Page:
In 1986, movie director Vincente Minnelli, known for such musicals as “Gigi,” ”An American in Paris” and “Meet Me in St. Louis,” died in Los Angeles at age 83.

In 1994, Israeli Prime Minister Yitzhak Rabin (YIT’-sahk rah-BEEN’) and Jordan’s King Hussein (hoo-SAYN’) signed a declaration at the White House ending their countries’ 46-year-old formal state of war.

In 2000, a New York-bound Air France Concorde crashed outside Paris shortly after takeoff, killing all 109 people on board and four people on the ground; it was the first-ever crash of the supersonic jet.

In 2002, Zacarias Moussaoui (zak-uh-REE’-uhs moo-SOW’-ee) declared he was guilty of conspiracy in the September 11 attacks, then dramatically withdrew his plea at his arraignment in Alexandria, Va.

Ten years ago: President Barack Obama continued his full-court press to pass health care reform legislation, citing a new White House study indicating that small businesses were paying far more per employee for health insurance than big companies, a disparity the president said was “unsustainable” as well as “unacceptable.” Protesters across the world called on Iran to end its clampdown on opposition activists.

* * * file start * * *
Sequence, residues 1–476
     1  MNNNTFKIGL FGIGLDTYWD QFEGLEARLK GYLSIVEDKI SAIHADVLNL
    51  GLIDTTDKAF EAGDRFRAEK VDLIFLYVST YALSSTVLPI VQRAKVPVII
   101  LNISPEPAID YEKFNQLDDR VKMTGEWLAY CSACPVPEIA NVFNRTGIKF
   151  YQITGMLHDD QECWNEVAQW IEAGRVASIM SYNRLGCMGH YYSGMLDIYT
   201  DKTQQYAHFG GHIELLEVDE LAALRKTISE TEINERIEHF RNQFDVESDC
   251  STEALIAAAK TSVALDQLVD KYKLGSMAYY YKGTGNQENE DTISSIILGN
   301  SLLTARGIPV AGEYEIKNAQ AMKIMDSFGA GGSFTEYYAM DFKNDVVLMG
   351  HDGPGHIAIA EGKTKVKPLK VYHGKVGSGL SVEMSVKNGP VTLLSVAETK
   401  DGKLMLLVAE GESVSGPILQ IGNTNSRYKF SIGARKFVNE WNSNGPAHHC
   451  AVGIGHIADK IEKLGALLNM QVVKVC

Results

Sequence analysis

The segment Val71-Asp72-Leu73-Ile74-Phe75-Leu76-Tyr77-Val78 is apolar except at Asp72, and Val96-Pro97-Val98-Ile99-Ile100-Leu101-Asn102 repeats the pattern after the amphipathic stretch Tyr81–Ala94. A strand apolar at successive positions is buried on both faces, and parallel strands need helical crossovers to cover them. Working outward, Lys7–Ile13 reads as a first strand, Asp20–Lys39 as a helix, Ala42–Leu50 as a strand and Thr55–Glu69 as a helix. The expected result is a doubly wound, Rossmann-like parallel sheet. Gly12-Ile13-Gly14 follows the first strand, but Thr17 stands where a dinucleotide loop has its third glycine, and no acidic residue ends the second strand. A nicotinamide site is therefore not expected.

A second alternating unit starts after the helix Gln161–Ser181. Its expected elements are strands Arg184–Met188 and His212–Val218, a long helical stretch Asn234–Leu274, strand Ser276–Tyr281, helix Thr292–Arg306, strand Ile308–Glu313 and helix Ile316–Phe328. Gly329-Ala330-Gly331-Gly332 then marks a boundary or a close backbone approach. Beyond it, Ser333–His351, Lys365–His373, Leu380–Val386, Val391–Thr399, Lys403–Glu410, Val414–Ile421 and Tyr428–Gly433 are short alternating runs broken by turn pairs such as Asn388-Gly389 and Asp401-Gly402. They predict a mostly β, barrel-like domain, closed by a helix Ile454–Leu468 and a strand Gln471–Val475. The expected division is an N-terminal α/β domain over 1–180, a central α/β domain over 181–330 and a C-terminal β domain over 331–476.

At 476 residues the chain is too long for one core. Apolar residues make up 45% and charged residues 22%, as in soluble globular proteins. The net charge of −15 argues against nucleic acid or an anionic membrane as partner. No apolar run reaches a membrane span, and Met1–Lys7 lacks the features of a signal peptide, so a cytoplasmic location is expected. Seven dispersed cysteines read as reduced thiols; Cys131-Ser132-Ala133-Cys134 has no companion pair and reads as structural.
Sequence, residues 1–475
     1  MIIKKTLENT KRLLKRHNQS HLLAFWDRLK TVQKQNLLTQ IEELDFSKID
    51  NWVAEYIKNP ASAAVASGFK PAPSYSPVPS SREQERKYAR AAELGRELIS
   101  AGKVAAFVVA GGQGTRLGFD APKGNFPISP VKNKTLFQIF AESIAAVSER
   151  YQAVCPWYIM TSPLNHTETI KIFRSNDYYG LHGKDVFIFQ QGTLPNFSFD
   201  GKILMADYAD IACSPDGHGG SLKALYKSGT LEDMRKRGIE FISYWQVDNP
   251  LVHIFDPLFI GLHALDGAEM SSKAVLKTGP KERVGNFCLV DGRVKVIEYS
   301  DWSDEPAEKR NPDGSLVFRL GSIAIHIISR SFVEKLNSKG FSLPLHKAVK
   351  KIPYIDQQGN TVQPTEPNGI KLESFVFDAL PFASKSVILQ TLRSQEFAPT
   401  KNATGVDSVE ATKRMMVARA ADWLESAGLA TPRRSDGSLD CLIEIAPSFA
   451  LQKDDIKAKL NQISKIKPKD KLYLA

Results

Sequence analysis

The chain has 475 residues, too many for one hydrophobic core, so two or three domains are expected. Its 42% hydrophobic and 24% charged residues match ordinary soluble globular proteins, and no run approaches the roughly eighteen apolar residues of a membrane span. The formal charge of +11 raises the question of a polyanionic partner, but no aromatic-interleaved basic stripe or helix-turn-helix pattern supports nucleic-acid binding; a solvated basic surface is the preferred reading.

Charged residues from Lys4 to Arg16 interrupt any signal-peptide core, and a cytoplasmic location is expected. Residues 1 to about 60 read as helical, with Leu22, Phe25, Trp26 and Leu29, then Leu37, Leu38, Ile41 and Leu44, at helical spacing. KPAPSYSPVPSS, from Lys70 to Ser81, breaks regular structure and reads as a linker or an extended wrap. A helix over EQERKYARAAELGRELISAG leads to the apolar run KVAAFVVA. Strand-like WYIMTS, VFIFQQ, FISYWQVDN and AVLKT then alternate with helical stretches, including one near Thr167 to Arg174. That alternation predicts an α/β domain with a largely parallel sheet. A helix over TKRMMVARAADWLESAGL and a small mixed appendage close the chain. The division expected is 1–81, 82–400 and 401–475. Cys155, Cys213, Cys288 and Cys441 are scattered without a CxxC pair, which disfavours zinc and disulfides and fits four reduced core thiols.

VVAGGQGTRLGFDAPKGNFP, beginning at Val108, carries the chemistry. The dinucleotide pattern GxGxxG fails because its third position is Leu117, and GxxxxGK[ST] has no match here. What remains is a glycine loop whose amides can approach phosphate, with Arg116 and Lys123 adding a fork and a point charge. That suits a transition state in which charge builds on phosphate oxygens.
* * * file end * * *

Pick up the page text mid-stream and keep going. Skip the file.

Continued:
Five years ago: President Barack Obama met at the White House with the presidents of Guatemala, Honduras and El Salvador; afterward, he urged the leaders and congressional Republicans to help ease the influx of minors and migrant families crossing the southwest border of the United States.

One year ago: After a White House meeting, President Donald Trump and European Commission President Jean-Claude Juncker (zhahn-KLOHD’ YUN’-kur) announced they had agreed to work toward “zero tariffs” and “zero subsidies” on non-automobile goods, dialing down tensions that had been rising. Sergio Marchionne (SEHR’-jee-oh mar-kee-OH’-nay), the founding CEO of Fiat Chrysler who saved two carmakers from near-certain failure, died at the age of 66 after complications from surgery in Switzerland. A study published in the journal Science revealed that a huge lake of salty water appears to be buried deep in Mars, raising the possibility of finding life on the planet. Undefeated Triple Crown winner Justify was retired to stud because of swelling in an ankle; the colt had won all six career starts.